Over the past two months, Erdogan invaded the Kurdish majority district of Afrin in Syria's Aleppo province, routed the area's Kurdish defenders — seen by Ankara as allies of Turkey's rebellious Kurds — and drove 137,000 Syrian Kurdish civilians from the enclave. He is in the process of replacing them with fundamentalist Syrian Arab fighters from Eastern Ghouta, which was recaptured by the Syrian army earlier this month.

Erdogan has stirred tensions between Turkey and Greece and Turkey and Cyprus, risking clashes at a time of ongoing crises in the Eastern Mediterranean. Turkey has increased incursions by its warplanes into Greek airspace and dispatched naval ships to deploy near small Greek islands lying off the Turkish coast.

Last week, Turkish fighters, reportedly, harassed a helicopter bearing Greek Prime Minister Alexis Tsipras and the military chief of staff Admiral Evangelos Apostolakkis while they were flying over the Aegean. After Greece deployed its own jets, the Turkish planes left the scene.

This incident took place a week after a Greek pilot died when his jet crashed near the island of Skyros after intercepting Turkish planes that had entered Greek airspace.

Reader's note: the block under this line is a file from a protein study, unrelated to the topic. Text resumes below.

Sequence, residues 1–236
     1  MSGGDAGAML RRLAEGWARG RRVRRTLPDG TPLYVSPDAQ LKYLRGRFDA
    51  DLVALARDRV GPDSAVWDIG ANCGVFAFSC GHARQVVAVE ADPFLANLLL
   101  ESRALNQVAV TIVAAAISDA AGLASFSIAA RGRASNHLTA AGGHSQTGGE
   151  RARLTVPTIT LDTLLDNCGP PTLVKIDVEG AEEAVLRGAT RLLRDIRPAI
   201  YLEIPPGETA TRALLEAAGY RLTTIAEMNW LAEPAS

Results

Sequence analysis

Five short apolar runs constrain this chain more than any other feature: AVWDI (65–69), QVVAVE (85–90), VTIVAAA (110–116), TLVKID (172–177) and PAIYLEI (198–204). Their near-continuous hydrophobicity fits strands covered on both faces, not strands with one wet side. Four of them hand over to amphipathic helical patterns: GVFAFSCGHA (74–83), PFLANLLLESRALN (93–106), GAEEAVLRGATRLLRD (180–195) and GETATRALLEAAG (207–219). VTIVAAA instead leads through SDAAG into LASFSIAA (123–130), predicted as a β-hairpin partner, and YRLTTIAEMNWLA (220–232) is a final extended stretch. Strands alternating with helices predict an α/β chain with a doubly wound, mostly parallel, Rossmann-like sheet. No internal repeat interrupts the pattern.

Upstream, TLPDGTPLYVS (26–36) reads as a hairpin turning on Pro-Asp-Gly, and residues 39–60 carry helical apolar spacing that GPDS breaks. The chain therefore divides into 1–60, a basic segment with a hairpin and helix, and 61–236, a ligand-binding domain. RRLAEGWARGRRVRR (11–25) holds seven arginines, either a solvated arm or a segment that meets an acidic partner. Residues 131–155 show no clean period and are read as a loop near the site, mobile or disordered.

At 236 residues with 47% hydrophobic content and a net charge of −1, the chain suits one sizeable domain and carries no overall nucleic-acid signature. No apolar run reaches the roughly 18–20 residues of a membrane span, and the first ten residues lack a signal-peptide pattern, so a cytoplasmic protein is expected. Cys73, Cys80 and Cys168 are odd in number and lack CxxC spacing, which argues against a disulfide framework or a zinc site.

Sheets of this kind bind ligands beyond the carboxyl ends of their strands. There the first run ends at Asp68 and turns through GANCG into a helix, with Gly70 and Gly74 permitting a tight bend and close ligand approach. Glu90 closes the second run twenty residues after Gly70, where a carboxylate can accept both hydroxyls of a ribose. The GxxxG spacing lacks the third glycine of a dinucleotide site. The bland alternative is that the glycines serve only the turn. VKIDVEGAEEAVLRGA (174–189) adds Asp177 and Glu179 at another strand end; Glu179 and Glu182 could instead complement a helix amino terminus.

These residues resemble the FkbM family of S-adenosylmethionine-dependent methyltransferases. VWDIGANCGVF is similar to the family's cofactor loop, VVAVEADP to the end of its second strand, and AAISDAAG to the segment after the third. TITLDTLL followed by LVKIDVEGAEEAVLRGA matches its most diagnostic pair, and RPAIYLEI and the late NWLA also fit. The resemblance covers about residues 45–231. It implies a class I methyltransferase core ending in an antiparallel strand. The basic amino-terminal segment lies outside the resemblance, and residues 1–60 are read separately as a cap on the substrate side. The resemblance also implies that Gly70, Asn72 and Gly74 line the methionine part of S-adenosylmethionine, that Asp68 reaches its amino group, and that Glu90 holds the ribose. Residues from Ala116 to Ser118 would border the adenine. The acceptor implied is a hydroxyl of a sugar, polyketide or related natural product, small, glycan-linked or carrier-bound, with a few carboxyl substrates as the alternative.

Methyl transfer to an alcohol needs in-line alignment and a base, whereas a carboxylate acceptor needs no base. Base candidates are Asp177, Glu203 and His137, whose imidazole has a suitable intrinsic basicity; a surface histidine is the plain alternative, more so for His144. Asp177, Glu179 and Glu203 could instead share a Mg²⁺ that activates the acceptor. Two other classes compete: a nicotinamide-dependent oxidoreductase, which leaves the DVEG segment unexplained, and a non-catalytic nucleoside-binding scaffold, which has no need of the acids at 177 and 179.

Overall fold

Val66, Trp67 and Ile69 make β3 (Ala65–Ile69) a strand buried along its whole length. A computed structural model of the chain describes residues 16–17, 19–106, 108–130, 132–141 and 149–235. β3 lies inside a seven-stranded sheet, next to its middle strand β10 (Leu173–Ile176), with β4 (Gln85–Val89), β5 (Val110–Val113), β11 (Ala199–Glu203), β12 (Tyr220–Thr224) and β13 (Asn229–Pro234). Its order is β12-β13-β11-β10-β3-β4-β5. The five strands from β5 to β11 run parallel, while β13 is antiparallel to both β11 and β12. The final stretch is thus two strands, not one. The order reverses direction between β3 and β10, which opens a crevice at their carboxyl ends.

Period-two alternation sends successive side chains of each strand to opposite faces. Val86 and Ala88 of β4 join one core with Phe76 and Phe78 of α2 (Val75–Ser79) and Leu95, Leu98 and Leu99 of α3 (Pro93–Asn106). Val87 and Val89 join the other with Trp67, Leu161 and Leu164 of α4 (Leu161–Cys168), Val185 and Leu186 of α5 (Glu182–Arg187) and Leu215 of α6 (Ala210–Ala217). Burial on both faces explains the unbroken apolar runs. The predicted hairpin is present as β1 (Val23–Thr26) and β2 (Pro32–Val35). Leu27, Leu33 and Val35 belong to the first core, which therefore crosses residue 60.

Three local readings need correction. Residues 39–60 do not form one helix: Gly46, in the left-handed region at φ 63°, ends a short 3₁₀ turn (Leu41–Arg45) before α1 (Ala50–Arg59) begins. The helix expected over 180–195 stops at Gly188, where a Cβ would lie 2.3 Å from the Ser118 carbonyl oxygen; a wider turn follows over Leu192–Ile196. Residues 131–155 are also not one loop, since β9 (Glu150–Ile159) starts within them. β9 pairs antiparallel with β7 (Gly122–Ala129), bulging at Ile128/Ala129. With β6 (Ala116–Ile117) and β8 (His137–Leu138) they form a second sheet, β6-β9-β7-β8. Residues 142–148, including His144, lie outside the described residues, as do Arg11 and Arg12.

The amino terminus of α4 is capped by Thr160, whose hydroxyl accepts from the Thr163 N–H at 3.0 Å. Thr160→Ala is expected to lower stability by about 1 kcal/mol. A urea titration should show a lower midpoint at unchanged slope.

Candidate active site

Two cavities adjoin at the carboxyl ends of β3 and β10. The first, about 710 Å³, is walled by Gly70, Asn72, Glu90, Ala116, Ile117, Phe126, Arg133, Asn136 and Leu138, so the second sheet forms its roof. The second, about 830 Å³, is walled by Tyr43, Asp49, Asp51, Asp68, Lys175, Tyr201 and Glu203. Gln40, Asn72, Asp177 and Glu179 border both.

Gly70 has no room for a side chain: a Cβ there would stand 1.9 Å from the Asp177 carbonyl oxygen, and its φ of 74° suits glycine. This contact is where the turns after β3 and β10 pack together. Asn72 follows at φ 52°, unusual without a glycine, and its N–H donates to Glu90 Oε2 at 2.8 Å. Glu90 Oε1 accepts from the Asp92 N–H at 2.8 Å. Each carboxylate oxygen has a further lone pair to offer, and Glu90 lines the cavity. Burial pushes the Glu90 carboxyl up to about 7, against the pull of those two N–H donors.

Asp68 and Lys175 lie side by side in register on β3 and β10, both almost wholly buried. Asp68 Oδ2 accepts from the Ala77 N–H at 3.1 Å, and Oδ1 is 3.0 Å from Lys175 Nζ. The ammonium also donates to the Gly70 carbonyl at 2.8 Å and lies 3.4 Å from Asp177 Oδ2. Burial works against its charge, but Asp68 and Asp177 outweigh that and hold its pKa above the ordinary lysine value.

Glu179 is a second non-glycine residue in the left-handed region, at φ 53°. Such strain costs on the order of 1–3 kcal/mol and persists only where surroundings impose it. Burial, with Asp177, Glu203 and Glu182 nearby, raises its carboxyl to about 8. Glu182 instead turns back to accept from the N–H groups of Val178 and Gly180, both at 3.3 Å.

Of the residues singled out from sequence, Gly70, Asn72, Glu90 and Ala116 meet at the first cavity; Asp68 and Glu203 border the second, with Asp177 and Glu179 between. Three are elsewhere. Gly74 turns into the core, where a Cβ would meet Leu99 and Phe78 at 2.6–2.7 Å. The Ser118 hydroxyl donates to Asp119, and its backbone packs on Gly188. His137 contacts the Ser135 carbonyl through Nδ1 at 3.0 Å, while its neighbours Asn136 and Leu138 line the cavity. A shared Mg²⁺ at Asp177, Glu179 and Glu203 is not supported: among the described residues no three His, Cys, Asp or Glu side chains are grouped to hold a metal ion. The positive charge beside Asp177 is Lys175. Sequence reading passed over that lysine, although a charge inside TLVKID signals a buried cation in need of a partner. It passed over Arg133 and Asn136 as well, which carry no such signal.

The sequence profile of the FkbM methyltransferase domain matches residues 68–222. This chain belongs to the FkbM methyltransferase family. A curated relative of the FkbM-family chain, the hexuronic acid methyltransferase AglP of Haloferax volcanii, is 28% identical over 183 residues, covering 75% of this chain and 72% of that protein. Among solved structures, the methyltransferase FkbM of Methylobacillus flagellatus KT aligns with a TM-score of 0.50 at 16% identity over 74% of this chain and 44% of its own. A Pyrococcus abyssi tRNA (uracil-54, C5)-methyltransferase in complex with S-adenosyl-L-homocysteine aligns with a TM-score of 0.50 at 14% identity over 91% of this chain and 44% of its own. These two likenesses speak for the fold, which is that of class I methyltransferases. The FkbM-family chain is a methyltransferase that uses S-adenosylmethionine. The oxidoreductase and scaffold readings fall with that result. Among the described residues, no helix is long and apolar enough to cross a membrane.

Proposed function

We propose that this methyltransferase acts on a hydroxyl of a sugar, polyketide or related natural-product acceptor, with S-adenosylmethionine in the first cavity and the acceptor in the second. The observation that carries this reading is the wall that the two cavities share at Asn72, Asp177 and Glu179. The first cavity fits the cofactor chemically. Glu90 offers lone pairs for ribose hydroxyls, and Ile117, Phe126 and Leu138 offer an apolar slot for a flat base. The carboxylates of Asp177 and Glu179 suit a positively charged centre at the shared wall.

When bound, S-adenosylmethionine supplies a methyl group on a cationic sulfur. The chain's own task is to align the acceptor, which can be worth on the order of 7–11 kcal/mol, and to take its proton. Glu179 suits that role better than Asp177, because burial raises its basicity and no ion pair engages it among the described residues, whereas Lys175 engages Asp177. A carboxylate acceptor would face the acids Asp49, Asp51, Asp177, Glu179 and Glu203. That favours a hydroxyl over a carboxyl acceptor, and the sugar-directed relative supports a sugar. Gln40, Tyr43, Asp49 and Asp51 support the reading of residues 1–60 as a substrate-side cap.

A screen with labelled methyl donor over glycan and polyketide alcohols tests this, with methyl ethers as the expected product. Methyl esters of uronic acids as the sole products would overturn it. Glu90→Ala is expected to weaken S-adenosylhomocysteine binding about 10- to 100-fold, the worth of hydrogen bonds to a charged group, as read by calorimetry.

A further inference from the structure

Greek Defence Minister Panos Kammenos suggested that since 1974, when Turkey occupied northern Cyprus, Greece has been in an undeclared war with Turkey. He specifically mentioned Greek airforce pilots, who have died in Turkish intercepts while patrolling in Greek airspace over the Aegean.  "We have dead heroes who fell in the line of duty and these actions happen only during war," he stated, blaming Turkey's current belligerency on the coming elections.

Turkey sent warships to scare off an Italian oil rig set to drill for gas in Cyprus’ Exclusive Economic Zone and dispatched a recently-acquired prospecting ship to the waters off Cyprus to challenge the republic's exploitation of known gas reserves. Turkey has berated Egypt for agreeing to joint gas development projects with Cyprus.

Turkey seeks to block a planned cross-Mediterranean pipeline that would deliver Israeli and Cypriot gas to Greece, while a project piping Israeli gas to Turkey has been put on hold. Erdogan has alienated Israel by condemning its policy of besieging and blockading Gaza, killing Palestinian protesters and consolidating its occupation of Jerusalem.

Erdogan's stands against Israel and Syria's US-backed Kurds have been cheered by Turkish hawks but upset Washington, formerly a close ally. The European Union (EU) has frozen Turkey's bid for membership due to its persecution of the Kurds, heavy-handed purge of dissidents from all shades of opinion, human rights violations and threats against EU members Greece and Cyprus. The EU called on Erdogan to lift the state of emergency, which he has been using to consolidate his power and either cower or remove serious opponents to his take-over. The emergency remains in place.